The Five Premises in Real Life

Thinking in terms of total customer perspective can chart a course to the "blue ocean space" of market space not yet explored [1]

Many manufacturers that find themselves in an environment where their profits are being squeezed and with relentless pressure from abroad are looking beyond cost reduction and are re-evaluating their value to customers and products they produce.

For decades, Thogus Products had been a supplier of customer injection molds for the automotive industry. But to its president, Matthew Hlavin, it felt more like going to the racetrack where the horses determined the financial outcome. Only in this case, it was the customers who were setting the terms.

At the time, the automotive industry represented 56% of Thogus Product's business base. The auto OEM's had a hand in how the company aligned its production system, determined the price of the product, set up shipping and scheduled payments, Hlavin had had enough.

He fired his auto customers and laid out a diversification plan for the company, moving into industries ranging from medical to pharmaceutical to food and beverage, aerospace and plumbing. As a result, Thogus Products' revenue grew 76% over 2009, and Hlavin expects roughly 60% more for this year.

Firing customers is not exactly normal practice, but when businesses of every size are being squeezed on profits and facing a storm of competition from home and abroad, leaders realize that re-evaluating their business model and making changes accordingly is something they cannot afford to put off. Matt Hlavin had to come to terms with the fact that the company his grandfather had built more the 60 years ago was operating under a corroding business model.

That meant shifting from being a mass producer of plastic parts to one that emphasized specialized knowledge in engineering and product development. Just as important, Hlavin wanted to stop fighting for smaller and smaller slices of a densely competitive industry and identify the "blue ocean space," a reference to the best-selling 2005 book Blue Ocean Strategy. Blue oceans are a metaphor to describe the wider, deeper potential of market space that is not yet explored.

Years before Hlavin took over the business side; he started out in the company cold-calling manufacturing clients on the road. (A process he soon learned was not particularly productive.) But through that experience he became aware of an inherent disconnect between chemical suppliers and OEM's. The chemical companies had not developed an adequate understanding of their customers’ value stream, and therefore were not converting their materials into components that provided optimal utility.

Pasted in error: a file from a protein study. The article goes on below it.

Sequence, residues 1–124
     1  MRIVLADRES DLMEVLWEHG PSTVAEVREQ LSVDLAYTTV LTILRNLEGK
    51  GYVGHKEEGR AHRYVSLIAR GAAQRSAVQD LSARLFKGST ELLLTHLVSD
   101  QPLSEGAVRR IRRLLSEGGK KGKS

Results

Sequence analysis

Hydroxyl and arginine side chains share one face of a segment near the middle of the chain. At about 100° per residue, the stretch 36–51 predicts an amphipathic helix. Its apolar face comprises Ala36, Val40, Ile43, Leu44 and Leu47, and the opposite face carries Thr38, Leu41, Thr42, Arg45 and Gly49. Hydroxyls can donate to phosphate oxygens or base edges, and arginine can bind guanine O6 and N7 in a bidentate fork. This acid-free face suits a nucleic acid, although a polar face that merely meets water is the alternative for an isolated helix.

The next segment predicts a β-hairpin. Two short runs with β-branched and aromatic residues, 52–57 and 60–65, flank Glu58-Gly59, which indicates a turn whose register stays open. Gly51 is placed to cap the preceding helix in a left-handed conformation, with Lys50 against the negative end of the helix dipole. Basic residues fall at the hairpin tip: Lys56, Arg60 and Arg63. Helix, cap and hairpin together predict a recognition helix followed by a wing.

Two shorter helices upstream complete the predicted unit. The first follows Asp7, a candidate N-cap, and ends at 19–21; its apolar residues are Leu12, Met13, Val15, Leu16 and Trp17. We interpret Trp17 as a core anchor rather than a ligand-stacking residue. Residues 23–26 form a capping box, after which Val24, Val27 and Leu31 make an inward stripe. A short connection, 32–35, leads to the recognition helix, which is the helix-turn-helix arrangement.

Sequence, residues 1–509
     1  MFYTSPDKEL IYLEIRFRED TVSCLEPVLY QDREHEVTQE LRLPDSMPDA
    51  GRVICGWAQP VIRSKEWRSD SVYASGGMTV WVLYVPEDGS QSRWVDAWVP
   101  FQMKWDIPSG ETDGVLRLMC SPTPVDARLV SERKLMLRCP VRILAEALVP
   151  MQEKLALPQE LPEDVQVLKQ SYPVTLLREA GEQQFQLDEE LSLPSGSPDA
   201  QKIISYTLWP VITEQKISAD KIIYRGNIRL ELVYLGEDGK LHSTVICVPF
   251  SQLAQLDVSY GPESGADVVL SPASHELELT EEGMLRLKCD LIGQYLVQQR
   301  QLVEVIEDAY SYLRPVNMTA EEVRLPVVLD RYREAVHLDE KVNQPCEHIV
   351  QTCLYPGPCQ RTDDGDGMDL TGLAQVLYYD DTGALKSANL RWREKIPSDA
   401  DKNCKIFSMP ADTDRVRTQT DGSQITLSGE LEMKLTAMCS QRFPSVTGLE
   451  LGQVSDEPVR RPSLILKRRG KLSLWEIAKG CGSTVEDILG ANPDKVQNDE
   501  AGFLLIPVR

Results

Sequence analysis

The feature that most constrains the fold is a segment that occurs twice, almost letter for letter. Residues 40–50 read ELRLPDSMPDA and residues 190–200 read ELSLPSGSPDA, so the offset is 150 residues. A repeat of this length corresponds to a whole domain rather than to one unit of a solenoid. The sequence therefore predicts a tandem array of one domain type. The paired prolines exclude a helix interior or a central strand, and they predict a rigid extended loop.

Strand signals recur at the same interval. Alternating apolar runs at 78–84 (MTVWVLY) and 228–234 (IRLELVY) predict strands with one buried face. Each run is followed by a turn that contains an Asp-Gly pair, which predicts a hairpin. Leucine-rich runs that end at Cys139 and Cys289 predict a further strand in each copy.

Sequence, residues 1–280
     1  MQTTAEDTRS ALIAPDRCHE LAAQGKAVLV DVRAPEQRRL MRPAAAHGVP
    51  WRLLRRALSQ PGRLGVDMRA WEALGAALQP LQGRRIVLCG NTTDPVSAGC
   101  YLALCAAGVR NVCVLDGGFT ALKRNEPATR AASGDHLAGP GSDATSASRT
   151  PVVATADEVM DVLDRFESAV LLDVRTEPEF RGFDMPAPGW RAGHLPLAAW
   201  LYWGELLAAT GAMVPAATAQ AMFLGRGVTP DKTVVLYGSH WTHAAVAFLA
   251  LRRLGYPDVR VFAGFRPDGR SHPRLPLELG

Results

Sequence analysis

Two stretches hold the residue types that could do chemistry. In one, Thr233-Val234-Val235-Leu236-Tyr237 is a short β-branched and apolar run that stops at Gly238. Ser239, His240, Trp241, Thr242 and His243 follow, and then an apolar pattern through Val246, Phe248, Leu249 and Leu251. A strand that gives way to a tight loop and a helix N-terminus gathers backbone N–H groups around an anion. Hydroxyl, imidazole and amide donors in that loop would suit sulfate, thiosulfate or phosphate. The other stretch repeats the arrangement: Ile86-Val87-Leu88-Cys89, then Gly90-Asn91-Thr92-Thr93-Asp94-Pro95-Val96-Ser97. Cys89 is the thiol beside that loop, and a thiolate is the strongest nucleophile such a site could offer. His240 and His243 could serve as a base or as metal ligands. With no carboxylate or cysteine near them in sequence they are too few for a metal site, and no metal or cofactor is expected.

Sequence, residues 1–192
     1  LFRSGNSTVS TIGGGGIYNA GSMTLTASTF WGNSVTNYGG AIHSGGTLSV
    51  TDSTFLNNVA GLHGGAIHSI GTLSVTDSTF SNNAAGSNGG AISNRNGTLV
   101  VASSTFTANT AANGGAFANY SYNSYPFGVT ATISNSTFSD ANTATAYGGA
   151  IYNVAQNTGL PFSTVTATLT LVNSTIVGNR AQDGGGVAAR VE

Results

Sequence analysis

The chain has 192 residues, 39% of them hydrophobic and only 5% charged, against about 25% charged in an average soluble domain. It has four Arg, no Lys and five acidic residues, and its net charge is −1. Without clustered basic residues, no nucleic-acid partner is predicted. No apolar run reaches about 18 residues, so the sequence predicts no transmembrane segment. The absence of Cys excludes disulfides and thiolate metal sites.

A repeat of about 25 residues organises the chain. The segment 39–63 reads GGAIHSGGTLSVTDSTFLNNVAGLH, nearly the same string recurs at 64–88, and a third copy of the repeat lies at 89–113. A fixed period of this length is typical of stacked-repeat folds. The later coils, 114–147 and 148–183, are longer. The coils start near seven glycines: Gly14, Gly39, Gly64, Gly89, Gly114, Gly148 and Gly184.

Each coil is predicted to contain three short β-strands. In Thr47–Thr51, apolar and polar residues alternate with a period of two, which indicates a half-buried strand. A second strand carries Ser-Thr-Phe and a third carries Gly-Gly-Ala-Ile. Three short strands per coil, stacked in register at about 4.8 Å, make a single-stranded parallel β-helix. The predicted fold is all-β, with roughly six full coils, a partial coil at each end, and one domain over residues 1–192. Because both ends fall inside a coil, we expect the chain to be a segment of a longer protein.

What he saw was the need for a firm that could examine customer processes and value proposition and act as a co-creator of value. He believed Thogus Products could be presented as a partner that could help develop materials and then sell the end product in the marketplace.

Offering unique products combined with distinct services is what separates those that thrive from those that merely survive. He realized that he could not cost-reduce himself to growth.  Seeing the relationship with customers under a new light enabled   Matthew Hlavin to see the product as a distribution mechanism for customized experiences. Utilizing knowledge as the basic unit of exchange, he charted the course to the calm deep blue waters where rewards were much greater. [2]

The turbulent economic environment companies operate within is still filled with opportunities; leaders just need the right lens to focus in on them.                                                                                            
1    Blue Ocean Strategy    W. Chan Kim and  Renee Mauborgne                       
2    Peter Alpem    Industry Week                                   

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